Miami — Ron Sasine knows more than just a little bit about packaging.
As the former senior director of packaging for Wal-Mart Stores Inc., he was responsible for look of the company's brands, including Great Value and Parents' Choice.
And he knows this: pouches present an opportunity to refresh products, but they also present challenges for retailers.
“Clearly the pouch is a wonderful format,” Sasine told attendees at the recent Global Pouch Forum in Miami. “It's growing in terms of innovation. It's very on-trend, and consumers are preferring the launches that are coming out in pouches as well as the opportunity for pouches to re-invent some classic brands.”
But pouches, commonly made from plastic, can present display challenges for retailers set up for conventional merchandising of packaging such as bottles, cans and cartons.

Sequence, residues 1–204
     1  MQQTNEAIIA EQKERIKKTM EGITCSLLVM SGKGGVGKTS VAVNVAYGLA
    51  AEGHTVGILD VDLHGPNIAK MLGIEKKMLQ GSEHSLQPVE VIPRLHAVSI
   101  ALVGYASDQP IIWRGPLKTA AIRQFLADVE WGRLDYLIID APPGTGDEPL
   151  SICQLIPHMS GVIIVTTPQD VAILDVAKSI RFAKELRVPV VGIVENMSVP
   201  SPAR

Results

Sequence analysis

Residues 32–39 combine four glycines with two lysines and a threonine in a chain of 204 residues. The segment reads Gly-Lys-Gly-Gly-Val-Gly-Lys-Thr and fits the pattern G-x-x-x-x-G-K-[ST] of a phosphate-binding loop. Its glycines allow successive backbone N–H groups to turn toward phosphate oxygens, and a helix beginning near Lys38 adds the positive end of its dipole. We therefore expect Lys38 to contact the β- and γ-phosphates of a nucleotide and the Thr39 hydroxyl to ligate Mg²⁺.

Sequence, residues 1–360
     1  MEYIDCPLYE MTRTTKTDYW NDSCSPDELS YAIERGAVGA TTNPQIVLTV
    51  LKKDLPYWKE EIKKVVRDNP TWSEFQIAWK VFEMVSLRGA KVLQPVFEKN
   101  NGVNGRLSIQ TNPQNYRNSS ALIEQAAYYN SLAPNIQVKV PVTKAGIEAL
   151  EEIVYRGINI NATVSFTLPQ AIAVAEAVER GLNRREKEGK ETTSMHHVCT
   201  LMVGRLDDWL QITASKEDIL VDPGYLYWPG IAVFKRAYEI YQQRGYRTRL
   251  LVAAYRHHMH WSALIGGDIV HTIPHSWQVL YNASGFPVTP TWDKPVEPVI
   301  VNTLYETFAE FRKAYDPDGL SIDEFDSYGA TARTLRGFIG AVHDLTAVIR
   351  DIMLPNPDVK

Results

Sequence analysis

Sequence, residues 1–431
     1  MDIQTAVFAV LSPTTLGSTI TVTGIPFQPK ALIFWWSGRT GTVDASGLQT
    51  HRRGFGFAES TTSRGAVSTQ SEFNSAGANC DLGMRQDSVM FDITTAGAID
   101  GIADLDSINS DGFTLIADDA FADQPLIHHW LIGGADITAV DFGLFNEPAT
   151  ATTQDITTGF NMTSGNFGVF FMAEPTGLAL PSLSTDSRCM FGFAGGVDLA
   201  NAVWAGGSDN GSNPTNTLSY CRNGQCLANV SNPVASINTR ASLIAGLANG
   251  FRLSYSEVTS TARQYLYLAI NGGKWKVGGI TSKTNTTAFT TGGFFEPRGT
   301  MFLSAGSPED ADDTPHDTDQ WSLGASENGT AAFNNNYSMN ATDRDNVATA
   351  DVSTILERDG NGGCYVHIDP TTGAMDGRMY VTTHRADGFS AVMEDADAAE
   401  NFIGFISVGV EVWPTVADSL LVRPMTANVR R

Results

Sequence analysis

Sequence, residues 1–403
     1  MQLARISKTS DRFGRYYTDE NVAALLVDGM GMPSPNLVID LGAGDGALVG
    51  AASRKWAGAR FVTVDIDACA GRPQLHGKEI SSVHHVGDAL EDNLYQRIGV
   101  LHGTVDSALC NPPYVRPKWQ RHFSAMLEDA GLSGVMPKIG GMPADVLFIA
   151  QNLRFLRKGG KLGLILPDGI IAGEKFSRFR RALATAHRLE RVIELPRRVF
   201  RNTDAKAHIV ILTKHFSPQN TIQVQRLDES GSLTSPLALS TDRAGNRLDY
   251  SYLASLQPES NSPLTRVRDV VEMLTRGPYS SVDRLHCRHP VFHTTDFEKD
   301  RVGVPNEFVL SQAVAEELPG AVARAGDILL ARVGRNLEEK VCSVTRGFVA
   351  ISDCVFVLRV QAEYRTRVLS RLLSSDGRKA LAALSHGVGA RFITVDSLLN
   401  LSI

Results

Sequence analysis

He challenged attendees, those in the pouch supply chain, to “think a little more like a retailer” or their customers when it comes to their interactions with pouches.
While pouches can look perfect when presented a digital screen or in a conference room presentation, Sasine said they can run into difficulties on store shelves if not properly handled.
The display of pouches can start to look sloppy because of the geometry of the package compared with its rigid counterparts, for example, as product gets jostled or moved around on shelves.
Pouches, however, can be easily and neatly presented and quickly restocked through the use of shipping and display boxes that serve to keep pouches in order.
Sasine is the kind of guy who plays close attention to packaging trends through his packaging consulting firm, Hudson Windsor LLC. And he says pouches can bring new relevance to traditional brands or foods.
Case in point: apple and fruit sauces. The trend toward putting these sauces in individual-serving pouches has allowed that industry to create a different perception of value among consumers.
“With that move, the pricing concept, the idea of what applesauce and fruit blends should cost was permanently adjusted upward,” he said.